The Old Man and Me

The Old Man and Me

by R. C. Larlham


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Product Details

ISBN-13: 9781612962511
Publisher: Black Rose Writing
Publication date: 09/19/2013
Pages: 340
Product dimensions: 6.00(w) x 9.00(h) x 0.71(d)

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The Old Man and Me 5 out of 5 based on 0 ratings. 5 reviews.
Anonymous More than 1 year ago
Very humorous, enjoyable, weekend read.
MaadMaax More than 1 year ago
From the first time I read one of Chuck’s stories I realized he was an amazing storyteller. There was something of the Mark Twain about him. He told his stories from today’s viewpoint, but the dialogue is true to the time of the stories. I’ve written a number of stories about growing up in the ‘40s and ‘50s and I know the problem you have with dialogue -- you can’t quite remember the exact words, but you remember the feelings that were being expressed. Every exchange of dialogue sounded real and, as you read it, you put yourself in that young boy’s mind and you’re saying those words. I started reading the author’s stories some time in 2011 and found that he was an amazing storyteller. It was interesting watching him evolve from a storyteller to an author. His early posts were stand-alone stories and had no relation to the one before or after. It didn’t matter, I was quickly sucked in to reading each one. The author is five years older than I but we share a lot of history. He grew up on a working farm in Ohio and I spent my summers on a wheat farm in Oregon. We both learned to drive by driving trucks around the farm and (occasionally) out onto the street, which was illegal at the time. His selection of photos is perfect to reflect what it was like growing up in that age. If you ever want to know what it was like growing up in Ohio in the middle of the last century (wow, that sounds like a long time ago), this is the book for you.
Dabester More than 1 year ago
The Old Man and Me by RC (Chuck) Larlham is a memoir of growing up on a farm in Ohio during the post-World War II years. But it’s more than that. It’s an amazing tribute to the author’s father and to a lifestyle that most of us have never experienced. I found myself becoming more and more immersed in the life of a rural farm and the relationships with his father, mother, and two siblings. Larlham’s effortless prose brings you into his family, into his adventures, and into the stall of the little blind pony (including the mucking). As the title suggests the focus is on Chuck’s ever-complicated relationship with his father. The Old Man is sometimes gruff, sometimes thoughtful, but it’s clear he was always admired by Larlham and his younger brother. Larlham reveals his own childhood insecurities, like competing in his first 4-H competitions with his “Black Leghorns,” followed the next year by capons (look it up). He reveals his futile attempt to learn piano, a losing cause that somehow ended with a different kind of prize, and his equally futile bout at boxing. We learn about his “best birthday ever” (which was also his last birthday ever) and his first experiences with a new car (okay, series of old cars). Holidays, horses, and hunting all get treated to Larlham’s sometimes whimsical, and always readable, storytelling. A sense of how this book will affect you can be derived from the fact that about two-thirds of the way through I was inspired to write down some memories of my own childhood, my own father, and my own nostalgia. Each chapter of Larlham’s book is a vignette of life, and each chapter will inspire the reader to appreciate life itself. I read the last third of the book in one sitting; I couldn’t put it down. The Old Man and Me is the first of what will be a series of memoirs covering Larlham’s life, a life that moves from the farm into the classroom as he becomes what he terms “an educated hick.” The book makes me want to hear more. I look forward to the next one. Larlham notes that “it’s time to leave a legacy” to his children and grandchildren. The Old Man and Me is a fine legacy. The reviewer, David J. Kent, is the author of Tesla: The Wizard of Electricity, available directly from the author and at Barnes and Noble bookstores.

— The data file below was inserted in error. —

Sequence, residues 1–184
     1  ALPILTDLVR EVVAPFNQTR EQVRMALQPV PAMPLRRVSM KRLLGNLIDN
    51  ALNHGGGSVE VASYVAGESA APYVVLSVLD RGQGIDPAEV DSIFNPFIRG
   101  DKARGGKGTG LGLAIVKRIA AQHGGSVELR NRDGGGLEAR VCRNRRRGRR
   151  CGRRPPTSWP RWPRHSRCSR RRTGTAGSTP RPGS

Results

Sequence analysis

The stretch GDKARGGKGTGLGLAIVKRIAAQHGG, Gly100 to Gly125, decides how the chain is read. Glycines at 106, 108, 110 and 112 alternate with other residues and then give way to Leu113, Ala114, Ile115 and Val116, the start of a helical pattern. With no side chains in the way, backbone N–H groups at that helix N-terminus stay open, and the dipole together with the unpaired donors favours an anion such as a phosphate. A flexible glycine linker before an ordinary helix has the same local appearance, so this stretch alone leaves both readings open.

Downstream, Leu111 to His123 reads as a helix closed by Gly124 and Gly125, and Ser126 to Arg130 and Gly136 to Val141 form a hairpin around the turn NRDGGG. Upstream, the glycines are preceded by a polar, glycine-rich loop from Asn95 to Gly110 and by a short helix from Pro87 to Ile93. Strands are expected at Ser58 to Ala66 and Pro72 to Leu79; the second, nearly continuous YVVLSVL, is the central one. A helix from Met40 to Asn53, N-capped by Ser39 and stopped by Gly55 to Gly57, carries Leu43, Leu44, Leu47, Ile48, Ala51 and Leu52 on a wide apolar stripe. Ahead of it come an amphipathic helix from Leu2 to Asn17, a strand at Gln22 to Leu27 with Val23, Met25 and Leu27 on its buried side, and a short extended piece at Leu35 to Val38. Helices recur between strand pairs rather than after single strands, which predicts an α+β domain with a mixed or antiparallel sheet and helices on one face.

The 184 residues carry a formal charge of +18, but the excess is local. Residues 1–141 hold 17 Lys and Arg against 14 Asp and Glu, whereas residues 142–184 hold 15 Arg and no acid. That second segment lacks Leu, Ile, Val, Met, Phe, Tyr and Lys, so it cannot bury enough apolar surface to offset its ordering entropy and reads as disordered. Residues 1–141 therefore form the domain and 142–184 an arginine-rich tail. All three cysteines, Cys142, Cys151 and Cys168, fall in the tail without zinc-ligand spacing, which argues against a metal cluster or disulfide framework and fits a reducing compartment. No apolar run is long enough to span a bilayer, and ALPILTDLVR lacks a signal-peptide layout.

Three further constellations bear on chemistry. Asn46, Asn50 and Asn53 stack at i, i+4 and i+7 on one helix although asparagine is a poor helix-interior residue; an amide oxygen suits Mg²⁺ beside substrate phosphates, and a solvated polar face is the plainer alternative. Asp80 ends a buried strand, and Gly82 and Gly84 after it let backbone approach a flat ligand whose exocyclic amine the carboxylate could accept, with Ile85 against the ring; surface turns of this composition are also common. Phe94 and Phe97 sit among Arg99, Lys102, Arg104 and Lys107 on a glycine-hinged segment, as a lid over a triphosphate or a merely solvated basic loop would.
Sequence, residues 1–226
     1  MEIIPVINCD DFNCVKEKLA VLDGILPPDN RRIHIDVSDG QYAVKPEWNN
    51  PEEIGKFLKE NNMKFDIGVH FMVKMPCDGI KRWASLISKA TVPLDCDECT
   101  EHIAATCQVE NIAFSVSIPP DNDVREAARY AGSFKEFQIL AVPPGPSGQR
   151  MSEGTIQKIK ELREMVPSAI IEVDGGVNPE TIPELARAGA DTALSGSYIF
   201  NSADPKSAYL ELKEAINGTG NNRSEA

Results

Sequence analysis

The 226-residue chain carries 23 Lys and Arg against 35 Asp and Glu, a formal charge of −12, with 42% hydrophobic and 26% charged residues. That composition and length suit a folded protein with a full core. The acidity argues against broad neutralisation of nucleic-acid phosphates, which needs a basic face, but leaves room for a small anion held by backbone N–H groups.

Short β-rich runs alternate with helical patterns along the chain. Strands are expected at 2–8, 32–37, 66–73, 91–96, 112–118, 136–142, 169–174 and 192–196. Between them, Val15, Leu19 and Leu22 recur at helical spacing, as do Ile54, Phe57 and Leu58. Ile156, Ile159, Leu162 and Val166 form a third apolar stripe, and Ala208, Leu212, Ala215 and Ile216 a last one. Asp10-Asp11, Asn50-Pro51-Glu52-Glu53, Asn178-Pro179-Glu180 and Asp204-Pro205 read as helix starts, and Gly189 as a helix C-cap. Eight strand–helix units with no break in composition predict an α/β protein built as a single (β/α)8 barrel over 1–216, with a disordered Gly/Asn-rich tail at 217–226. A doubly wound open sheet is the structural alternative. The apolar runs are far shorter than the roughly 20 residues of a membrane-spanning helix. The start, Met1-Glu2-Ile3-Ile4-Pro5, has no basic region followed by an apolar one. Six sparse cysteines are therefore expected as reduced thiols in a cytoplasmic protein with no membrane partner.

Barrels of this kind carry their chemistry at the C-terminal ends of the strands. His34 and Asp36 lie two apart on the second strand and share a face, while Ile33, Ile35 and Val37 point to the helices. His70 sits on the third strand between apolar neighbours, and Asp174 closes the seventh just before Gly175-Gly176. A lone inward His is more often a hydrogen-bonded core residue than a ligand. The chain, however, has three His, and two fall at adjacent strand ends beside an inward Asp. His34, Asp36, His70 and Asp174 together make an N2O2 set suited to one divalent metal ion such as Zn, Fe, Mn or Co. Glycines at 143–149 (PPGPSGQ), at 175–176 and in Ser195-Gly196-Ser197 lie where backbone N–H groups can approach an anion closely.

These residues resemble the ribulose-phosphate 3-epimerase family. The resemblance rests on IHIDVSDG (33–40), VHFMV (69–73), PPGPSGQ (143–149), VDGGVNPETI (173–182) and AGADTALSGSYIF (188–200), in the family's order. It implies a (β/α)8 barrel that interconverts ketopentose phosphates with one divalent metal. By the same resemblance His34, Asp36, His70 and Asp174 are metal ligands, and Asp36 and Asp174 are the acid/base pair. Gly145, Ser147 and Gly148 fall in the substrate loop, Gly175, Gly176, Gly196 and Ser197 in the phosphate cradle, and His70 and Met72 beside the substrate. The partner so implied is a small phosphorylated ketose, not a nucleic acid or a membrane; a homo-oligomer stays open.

Anonymous More than 1 year ago